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Herbal Benefits of Walnuts

Walnuts are an excellent source of protein and healthy fats that can protect the body against heart disease.  They also contain nutrients that can provide additional health benefits.  In fact, even the U.S. Food and Drug Administration has recognized that walnuts are a healthful food.  Add them to salads, trail mixes and main dishes to get the protective effects of this delicious nut. 

Nutritional Information 

In addition to protein, walnuts contain important nutrients that are essential for the body to operate properly.  Just 1/4-cup of walnuts contains over 94 percent of the recommended daily value of omega-3 fatty acids.  These are good fatty acids that can provide a protective effect for the body.  Walnuts also contain the amino acid tryptophan, manganese and copper, which are all essential nutrients.  While a serving of walnuts does contain 163 calories, the benefits of walnuts are important enough to warrant regular servings of this nut. 

Health Benefits 

The body is unable to manufacture omega-3 fatty acids, so walnuts are an excellent source of this protective fat.  These fats can protect against heart disease, reduce inflammation, reduce the risk of cancer, improve the body's immune system response and improve cognitive function.  Walnuts also contain monounsaturated fats, which also protect the heart against cardiovascular disease by improving high levels of cholesterol.  Particularly important is the ability of walnuts to help reduce levels of LDL cholesterol, the bad cholesterol, in the blood.  Walnuts can contribute to the control or prevention of hypertension because they contain l-arginine, an amino acid that is converted into nitric oxide in the blood.  Nitric oxide helps to relax the blood vessels, reducing blood pressure levels.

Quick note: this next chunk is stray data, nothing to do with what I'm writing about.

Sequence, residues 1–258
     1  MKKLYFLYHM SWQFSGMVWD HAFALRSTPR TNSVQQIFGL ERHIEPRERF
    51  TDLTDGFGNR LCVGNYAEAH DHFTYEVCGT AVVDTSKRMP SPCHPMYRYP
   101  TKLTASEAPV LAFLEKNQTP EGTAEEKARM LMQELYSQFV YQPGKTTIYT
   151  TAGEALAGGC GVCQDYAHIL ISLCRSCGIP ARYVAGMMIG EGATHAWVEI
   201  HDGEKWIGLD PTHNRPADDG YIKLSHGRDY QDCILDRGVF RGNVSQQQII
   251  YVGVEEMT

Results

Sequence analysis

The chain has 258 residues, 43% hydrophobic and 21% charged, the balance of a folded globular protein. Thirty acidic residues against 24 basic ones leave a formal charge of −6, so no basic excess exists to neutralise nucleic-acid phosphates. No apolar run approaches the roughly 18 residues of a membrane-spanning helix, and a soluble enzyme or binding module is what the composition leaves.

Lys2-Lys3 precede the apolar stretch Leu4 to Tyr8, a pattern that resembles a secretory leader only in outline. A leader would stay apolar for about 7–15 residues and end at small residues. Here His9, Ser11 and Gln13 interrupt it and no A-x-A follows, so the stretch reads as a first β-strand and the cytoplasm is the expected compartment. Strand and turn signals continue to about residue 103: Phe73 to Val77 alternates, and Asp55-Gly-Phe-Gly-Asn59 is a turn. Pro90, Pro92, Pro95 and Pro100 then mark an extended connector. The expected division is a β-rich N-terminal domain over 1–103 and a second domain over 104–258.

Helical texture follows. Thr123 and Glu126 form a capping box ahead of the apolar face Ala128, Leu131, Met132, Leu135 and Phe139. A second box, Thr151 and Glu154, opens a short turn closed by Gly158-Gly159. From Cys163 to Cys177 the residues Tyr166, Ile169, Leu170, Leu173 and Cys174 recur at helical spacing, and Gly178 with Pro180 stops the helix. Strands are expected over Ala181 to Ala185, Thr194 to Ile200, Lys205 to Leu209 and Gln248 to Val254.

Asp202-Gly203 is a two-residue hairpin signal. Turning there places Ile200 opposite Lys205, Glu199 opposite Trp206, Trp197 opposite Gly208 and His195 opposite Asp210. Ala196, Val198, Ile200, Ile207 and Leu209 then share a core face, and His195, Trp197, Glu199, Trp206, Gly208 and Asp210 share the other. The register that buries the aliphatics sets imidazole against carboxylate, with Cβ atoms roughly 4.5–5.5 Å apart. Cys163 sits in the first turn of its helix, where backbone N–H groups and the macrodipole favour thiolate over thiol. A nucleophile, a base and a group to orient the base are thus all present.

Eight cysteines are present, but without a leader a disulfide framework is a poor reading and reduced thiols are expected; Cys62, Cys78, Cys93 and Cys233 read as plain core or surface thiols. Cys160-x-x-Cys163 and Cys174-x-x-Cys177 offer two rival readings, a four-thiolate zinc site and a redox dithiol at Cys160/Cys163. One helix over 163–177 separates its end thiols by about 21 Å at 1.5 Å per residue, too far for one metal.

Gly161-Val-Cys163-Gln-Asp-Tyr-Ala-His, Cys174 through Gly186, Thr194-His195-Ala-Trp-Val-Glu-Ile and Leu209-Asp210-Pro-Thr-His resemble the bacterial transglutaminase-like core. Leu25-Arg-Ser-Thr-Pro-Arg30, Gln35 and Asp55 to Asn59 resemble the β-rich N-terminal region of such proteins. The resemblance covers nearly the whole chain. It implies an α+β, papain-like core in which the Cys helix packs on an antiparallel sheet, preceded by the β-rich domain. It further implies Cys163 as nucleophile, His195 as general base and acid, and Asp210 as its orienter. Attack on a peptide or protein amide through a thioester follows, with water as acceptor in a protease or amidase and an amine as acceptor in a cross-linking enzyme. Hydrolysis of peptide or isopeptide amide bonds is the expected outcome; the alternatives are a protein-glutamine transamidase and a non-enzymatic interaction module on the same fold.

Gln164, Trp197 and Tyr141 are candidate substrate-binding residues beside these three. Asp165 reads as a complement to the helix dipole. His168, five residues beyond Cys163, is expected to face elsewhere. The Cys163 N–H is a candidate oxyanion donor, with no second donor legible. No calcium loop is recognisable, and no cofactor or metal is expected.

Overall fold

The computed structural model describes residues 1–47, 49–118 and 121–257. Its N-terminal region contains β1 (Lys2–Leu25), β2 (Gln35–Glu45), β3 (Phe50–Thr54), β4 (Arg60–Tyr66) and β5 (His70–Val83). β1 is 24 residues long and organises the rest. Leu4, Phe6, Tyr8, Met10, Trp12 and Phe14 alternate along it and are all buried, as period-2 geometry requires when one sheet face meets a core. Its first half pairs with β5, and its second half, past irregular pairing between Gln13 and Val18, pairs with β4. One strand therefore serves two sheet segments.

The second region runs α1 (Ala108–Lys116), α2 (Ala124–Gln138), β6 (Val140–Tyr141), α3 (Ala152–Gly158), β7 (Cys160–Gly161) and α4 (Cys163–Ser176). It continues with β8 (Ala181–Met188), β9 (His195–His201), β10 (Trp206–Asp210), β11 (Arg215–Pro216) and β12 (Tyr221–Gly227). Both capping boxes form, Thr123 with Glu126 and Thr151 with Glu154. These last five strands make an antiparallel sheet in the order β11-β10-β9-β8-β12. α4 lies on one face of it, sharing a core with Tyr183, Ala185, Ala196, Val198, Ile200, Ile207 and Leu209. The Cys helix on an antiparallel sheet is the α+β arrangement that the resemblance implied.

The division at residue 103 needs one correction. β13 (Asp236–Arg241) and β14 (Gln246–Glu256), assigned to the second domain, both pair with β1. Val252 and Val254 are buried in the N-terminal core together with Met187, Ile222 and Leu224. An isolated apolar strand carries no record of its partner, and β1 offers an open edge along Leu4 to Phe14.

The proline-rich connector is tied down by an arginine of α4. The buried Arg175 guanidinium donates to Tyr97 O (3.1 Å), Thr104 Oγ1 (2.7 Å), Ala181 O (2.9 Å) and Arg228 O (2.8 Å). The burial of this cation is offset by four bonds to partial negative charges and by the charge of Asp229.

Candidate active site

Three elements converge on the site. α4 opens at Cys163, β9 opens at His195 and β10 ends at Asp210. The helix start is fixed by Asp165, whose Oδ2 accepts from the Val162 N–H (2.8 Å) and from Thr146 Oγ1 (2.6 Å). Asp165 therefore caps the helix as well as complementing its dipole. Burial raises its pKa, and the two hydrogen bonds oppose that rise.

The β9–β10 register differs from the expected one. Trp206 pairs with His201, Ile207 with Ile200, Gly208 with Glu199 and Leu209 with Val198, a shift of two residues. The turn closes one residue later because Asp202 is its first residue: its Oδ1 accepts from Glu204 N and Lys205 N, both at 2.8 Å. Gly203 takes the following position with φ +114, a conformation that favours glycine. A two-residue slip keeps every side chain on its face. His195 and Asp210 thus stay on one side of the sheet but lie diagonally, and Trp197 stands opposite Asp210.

Free radicals can be neutralized by the phenols contained in walnuts.  Ellagic acid and gallic acid are particularly important ingredients.  An experimental diet showed positive effects when walnuts were eaten in high amounts.  During this experiment, patients experienced reduced levels of an inflammation marker known as C-reactive protein.  This protein is associated with the development of heart disease and atherosclerosis.  Participants also had increased levels of omega-3 fatty acids and decreased levels of a substance that helps cholesterol stick to the lining of the arteries. 


Avoid walnuts if you have had an allergic reaction or are allergic to similar foods.  If you have been told to avoid nuts and seeds due to a digestive system condition or intestinal surgery, do not eat walnuts.  If you are following a special diet for kidney disease, diabetes or another medical condition, consult a doctor before adding walnuts to your dietary intake.